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Catch me if you can: how to protect the family home from professional debt?

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Entrepreneurship sometimes involves risks. Entrepreneurs therefore want to separate their private assets as much as possible and protect them against possible professional debts. One of the ways to do this is to set up a company so that professional creditors can only recover from the company's assets. However, for self-employed people who do not wish to set up a company, the question often remains how their private assets can be better protected against professional debts. The declaration of unseizability of the family home is one of these.

Who can enjoy this protection?

Any natural person exercising a professional activity on a self-employed basis (including, consequently, liberal professionals and natural persons exercising a managerial function in a company) may have a declaration of non-attachment made, irrespective of whether the activity is exercised as a main or secondary occupation. Those who exercise a self-employed activity after retirement may also make this declaration.



The declaration of unseizability ensures that the rights in rem, which the entrepreneur holds on the real estate where he/she has his/her main residence, are protected from enforcement by pure professional creditors. However, the declaration does not apply to mixed debts, debts arising from a crime or resulting from a managerial error that led to the bankruptcy. In addition, the unseizability only applies to new debts after the registration date of the declaration of unseizability in the mortgage office.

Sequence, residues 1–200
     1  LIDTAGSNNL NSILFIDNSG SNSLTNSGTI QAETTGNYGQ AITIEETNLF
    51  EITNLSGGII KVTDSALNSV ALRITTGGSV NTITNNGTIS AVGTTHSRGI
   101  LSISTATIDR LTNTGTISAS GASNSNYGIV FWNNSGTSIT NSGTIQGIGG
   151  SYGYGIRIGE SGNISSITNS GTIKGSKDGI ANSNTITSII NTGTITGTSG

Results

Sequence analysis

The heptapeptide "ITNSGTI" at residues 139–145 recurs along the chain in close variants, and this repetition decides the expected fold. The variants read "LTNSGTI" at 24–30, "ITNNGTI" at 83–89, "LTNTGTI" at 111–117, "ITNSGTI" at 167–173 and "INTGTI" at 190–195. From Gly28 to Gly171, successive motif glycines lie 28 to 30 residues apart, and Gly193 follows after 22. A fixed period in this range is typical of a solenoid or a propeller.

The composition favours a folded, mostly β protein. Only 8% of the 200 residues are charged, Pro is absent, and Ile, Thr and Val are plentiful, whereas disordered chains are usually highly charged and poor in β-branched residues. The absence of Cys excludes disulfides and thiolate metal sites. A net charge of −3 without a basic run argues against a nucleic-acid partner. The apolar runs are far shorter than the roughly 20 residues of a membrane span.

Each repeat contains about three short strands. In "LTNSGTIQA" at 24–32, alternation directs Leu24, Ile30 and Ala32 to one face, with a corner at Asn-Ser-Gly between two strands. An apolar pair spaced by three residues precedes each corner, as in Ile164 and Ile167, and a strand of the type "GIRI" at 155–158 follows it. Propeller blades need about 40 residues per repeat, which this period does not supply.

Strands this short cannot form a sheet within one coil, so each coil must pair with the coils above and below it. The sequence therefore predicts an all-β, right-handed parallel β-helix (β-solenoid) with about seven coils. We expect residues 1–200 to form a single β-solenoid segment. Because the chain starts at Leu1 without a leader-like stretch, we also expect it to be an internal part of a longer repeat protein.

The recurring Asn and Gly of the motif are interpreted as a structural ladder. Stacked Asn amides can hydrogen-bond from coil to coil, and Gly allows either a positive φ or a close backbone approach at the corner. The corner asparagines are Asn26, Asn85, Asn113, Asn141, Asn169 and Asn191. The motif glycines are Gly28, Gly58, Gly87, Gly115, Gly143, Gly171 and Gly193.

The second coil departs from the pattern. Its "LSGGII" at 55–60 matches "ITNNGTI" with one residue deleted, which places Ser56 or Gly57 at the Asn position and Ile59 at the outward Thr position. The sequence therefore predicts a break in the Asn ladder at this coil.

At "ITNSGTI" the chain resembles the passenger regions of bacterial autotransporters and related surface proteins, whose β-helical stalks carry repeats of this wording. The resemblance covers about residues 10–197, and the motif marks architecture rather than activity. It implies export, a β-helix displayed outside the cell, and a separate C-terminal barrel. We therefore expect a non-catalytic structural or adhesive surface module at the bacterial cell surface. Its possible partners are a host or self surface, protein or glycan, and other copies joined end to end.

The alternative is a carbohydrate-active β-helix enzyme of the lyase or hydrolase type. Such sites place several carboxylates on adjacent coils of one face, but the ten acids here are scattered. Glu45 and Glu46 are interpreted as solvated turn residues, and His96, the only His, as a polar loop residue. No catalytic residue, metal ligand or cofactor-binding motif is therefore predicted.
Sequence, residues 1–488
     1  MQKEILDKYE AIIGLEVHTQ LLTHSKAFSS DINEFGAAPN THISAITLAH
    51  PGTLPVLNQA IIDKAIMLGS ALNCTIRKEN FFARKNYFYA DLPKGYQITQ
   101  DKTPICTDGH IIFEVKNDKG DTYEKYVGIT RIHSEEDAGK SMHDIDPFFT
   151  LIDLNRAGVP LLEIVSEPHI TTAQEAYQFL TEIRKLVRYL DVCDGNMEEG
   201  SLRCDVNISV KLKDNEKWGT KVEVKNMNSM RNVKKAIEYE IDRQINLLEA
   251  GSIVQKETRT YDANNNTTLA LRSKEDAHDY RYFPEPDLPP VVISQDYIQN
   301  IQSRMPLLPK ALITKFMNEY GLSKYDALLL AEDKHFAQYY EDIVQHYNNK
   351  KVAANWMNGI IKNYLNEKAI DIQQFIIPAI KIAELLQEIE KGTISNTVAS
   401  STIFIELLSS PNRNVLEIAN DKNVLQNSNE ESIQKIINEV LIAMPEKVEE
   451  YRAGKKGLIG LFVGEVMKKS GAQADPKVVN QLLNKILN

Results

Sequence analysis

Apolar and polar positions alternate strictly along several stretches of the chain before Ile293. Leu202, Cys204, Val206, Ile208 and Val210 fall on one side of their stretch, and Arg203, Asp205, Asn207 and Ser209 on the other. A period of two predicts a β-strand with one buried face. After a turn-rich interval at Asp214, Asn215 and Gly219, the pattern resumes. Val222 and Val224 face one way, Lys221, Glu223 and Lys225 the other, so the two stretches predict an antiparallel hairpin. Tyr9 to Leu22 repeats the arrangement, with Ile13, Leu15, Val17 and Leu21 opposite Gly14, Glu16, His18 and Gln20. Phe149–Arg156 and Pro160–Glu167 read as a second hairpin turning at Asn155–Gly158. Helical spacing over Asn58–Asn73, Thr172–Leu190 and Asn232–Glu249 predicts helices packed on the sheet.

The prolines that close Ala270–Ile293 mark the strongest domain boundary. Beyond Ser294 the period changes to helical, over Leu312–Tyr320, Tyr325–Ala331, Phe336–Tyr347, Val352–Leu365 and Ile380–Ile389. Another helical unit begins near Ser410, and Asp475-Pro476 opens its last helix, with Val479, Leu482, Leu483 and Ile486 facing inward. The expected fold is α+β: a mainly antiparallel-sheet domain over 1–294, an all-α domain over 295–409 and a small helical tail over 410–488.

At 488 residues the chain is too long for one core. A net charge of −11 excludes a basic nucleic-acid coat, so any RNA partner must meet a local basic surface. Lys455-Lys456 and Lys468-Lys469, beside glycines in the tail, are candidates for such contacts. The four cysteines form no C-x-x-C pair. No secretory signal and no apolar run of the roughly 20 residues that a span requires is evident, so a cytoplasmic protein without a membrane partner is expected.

If the self-employed person also carries on a professional activity in the dwelling where he has his main residence, this must be taken into account in the declaration. If the surface area used for professional activities is less than 30%, the entire dwelling will be declared exempt from seizure. If it exceeds 30%, then the protection only applies to the private part and not to the professional part.

If one is married as an entrepreneur, the declaration must be co-signed by the spouse, regardless of the marriage system.

The declaration of nonattachment can only be made before a notary. This is followed by an entry in the mortgage office so that this declaration is opposable to third parties.


What to do when selling your own home?

When selling one's own home to purchase a new home, a few rules apply to remain in compliance with the owner-occupied home's non-seizability. These are quite strict:

  • The funds from the sale of the first home must be kept at the notary's office. These monies are then also unattachable.
  • The purchase of the new home must take place within one year of the deed of sale of the first home.
  • The deed to the new home must state that it is a reinvestment.


When does the unseizability end?

Unseizability ends in a number of cases:

  • When at the time of the sale of the owner-occupied home the conditions are not met to continue to enjoy the protection;
  • When the self-employed person dies;
  • When the self-employed person waives the declaration;


Attention: you cannot make a distinction between the creditors in this respect. If you waive this declaration against 1 creditor, then this also applies to the other creditors.


Effective but not sanctified

The protection of the family home against professional debts can thus be achieved for natural persons exercising a self-employed activity by means of a declaration of non-seizability. However, this declaration also has its limitations: the declaration will not provide relief for all debts, and as an entrepreneur, one must be mindful of the fact that some banks will be less inclined to grant professional loans since the home can no longer be used as a guarantee. In this case, other guarantees must be provided to the bank.


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